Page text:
Articles Tagged with child testimony

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Board Certified Family Law Specialist Matt Arnold answers the question: ” I’m not getting along with my husband. We’ve been married two weeks and it was a mistake. Can’t I just get an annulment?”

In today’s society, it is not unusual to hear about domestic violence happening within marriages. As unfortunate it is to hear these stories in the media, it is important for victims to find their voice and encourage other victims to tell their stories. For victims of domestic violence, one of the hardest things to do is leave their abusive spouse. Fortunately, divorce is an option. Domestic violence is a common cause of divorce in the United States. The following are common legal questions that domestic violence victims have.

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Matthew R. Arnold of Arnold & Smith, PLLC answers the question “What can I do to gain custody of my child in North Carolina?”

 

In North Carolina, the ultimate arbiter of custody is the District Court judge. The District Court judge is vested, by statute, with the authority to determine who should have custody of a child and the terms under which custody shall be exercised.

Child on school bus Mecklenburg Divorce Lawyer Family Law Law firmOf course, the decisions of a District Court judge are subject to appeal, but when parties do appeal a District Court decision and one of the state courts of appeal decides to entertain the appeal, those courts frequently uphold the decisions of District Courts, and if they do not, many times they simply clarify the manner in which a judge should have considered the case and send it right back to the District Court to consider the case anew.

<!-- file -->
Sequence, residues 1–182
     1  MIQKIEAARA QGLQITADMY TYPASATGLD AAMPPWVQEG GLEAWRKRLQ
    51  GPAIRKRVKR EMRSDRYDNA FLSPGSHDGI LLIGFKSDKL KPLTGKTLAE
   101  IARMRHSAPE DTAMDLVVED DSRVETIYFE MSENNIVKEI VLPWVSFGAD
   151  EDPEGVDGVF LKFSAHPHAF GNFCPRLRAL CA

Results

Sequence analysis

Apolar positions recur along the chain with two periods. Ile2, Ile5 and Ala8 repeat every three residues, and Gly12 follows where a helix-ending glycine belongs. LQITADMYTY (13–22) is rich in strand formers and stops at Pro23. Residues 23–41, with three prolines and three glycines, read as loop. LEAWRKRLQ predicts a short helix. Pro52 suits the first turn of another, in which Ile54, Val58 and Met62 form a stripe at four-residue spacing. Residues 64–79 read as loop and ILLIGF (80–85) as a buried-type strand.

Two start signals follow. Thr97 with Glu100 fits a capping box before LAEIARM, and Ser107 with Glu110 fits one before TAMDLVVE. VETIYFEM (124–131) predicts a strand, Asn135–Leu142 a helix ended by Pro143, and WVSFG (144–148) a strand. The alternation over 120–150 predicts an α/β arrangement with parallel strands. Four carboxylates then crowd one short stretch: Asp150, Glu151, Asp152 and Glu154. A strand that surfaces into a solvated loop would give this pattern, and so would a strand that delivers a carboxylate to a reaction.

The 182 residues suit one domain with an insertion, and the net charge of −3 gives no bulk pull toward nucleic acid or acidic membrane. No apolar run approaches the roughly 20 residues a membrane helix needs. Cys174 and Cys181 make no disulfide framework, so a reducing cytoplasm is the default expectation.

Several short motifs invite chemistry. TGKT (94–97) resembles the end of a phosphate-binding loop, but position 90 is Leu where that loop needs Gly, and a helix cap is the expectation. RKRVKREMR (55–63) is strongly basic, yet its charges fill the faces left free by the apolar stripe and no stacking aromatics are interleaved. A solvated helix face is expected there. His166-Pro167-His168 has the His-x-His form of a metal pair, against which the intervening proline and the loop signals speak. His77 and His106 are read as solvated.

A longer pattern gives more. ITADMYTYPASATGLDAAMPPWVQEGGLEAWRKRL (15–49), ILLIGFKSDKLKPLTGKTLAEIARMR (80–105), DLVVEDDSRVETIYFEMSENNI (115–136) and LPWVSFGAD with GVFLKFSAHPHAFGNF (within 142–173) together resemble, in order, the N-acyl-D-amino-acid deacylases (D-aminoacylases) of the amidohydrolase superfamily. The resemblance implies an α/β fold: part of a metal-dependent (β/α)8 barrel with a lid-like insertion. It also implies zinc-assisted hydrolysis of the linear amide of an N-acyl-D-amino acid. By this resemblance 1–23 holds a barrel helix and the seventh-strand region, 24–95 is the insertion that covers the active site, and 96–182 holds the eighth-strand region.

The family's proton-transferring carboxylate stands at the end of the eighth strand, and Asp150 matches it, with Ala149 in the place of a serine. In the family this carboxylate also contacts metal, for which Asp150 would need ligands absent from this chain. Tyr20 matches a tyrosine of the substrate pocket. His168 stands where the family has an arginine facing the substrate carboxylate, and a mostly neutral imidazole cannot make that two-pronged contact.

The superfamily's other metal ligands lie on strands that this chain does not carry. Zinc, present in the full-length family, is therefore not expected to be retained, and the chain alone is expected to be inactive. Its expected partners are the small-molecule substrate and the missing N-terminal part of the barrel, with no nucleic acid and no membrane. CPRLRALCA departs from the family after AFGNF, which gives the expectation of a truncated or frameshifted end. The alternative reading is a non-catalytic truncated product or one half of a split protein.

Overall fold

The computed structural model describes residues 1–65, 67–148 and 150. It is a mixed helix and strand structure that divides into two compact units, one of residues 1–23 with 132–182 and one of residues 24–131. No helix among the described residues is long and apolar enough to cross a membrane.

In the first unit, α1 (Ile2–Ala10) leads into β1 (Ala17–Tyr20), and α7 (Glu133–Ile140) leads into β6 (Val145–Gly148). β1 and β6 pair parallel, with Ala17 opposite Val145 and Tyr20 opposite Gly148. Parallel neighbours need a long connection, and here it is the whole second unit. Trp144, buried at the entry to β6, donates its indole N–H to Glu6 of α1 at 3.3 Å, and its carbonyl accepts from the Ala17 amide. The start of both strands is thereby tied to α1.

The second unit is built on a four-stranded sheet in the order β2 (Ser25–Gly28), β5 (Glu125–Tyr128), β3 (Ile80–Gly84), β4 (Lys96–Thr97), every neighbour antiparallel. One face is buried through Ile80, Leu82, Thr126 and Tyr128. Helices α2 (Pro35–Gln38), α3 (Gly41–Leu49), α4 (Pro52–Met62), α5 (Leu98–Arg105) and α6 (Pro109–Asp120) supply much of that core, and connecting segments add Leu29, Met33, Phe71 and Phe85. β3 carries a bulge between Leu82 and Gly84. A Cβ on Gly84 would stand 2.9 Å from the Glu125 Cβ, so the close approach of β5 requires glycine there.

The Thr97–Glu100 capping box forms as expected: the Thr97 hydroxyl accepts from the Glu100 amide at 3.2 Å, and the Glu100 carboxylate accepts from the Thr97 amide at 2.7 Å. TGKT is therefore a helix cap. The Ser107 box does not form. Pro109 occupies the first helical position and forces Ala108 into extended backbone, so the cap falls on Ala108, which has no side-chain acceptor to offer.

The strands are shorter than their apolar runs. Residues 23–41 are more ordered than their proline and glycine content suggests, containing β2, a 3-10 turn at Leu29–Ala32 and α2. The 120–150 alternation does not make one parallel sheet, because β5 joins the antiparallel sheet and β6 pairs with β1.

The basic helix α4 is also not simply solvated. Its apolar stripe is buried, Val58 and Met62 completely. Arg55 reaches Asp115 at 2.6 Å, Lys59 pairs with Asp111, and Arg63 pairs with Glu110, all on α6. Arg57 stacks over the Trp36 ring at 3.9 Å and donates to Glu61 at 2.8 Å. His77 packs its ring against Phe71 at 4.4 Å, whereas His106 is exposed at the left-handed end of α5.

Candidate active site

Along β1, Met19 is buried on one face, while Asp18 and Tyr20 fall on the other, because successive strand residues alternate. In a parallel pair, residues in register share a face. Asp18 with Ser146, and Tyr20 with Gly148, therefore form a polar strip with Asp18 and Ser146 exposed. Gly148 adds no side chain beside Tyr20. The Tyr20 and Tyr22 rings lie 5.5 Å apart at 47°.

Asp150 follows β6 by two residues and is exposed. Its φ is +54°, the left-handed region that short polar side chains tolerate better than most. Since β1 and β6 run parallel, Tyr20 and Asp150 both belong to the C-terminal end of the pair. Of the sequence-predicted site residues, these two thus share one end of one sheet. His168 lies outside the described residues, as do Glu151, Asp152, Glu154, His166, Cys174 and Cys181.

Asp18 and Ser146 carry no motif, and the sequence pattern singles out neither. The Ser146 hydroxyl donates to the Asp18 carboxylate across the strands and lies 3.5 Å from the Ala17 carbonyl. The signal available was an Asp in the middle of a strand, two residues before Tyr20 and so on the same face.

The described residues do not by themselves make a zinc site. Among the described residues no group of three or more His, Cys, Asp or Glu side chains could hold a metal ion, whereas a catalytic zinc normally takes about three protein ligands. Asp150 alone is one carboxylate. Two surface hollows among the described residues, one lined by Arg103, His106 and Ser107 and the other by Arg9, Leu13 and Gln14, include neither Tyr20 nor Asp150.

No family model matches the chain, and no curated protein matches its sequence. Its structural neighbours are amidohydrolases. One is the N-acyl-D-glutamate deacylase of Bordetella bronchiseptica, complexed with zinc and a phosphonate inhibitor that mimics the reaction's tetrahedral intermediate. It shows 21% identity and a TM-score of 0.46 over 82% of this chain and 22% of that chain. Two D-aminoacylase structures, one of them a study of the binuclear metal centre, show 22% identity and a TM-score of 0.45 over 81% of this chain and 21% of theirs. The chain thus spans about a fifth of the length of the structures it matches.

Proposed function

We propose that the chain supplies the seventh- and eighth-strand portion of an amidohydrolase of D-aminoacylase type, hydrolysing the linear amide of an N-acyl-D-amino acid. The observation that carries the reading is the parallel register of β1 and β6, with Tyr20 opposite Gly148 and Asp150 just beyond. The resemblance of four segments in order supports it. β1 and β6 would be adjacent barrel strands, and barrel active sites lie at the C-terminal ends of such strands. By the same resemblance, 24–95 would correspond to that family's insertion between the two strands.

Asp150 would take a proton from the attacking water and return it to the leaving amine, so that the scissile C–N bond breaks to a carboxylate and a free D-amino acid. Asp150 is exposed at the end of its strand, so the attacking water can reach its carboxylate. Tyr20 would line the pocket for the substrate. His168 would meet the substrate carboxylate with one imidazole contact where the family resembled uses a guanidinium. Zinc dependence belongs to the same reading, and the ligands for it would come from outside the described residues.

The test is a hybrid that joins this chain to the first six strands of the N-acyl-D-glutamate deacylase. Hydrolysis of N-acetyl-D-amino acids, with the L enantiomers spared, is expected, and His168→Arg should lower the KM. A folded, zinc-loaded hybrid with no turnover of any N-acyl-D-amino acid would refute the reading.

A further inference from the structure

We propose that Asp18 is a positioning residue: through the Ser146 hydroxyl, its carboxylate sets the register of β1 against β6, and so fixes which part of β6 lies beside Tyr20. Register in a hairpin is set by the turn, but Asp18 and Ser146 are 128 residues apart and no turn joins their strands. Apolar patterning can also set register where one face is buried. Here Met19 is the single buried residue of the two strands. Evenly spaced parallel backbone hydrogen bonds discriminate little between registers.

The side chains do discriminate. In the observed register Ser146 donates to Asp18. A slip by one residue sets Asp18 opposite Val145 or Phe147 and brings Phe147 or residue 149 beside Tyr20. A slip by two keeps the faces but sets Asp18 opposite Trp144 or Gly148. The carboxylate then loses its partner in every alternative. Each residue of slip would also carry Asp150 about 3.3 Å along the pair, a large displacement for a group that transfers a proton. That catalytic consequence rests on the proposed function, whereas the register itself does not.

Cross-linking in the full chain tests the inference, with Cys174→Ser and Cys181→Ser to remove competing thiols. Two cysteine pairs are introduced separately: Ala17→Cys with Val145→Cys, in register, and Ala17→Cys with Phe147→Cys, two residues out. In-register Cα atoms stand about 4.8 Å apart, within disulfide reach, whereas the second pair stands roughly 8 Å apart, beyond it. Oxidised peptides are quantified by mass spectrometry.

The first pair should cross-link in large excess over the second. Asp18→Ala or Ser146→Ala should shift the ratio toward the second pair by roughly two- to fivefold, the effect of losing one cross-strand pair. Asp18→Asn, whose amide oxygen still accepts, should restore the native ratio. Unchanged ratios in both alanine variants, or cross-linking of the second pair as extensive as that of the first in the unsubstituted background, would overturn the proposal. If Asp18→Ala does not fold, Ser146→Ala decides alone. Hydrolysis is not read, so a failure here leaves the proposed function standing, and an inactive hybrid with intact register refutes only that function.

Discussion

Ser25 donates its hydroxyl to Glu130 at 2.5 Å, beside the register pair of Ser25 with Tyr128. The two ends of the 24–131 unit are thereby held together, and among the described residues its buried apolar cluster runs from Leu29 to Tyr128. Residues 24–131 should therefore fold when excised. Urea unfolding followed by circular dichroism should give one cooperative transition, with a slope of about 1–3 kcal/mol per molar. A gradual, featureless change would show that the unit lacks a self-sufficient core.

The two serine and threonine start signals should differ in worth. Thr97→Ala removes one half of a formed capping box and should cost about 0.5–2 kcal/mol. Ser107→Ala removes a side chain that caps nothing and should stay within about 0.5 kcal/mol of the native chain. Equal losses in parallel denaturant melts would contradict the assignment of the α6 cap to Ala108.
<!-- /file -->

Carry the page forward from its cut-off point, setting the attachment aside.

A party’s presentation regarding custody is made in District Court, and the person a party needs to convince is the District Court judge. Many parties believe a good way of convincing a District Court judge that they should have custody of a child is to have the child testify before the court. After all, who better knows what is in one’s best interest than oneself?

The problem with that ideas is that minor children are considered “infants” or “incompetents” under North Carolina law. Minor children do not have the capacity, for instance, to enter into contracts. A court will not take a proposal to allow a minor child to testify lightly. A judge will likely conduct a hearing to consider whether testimony would be appropriate in a particular case, and if so, what measures or protections may be afforded to the child while testifying.

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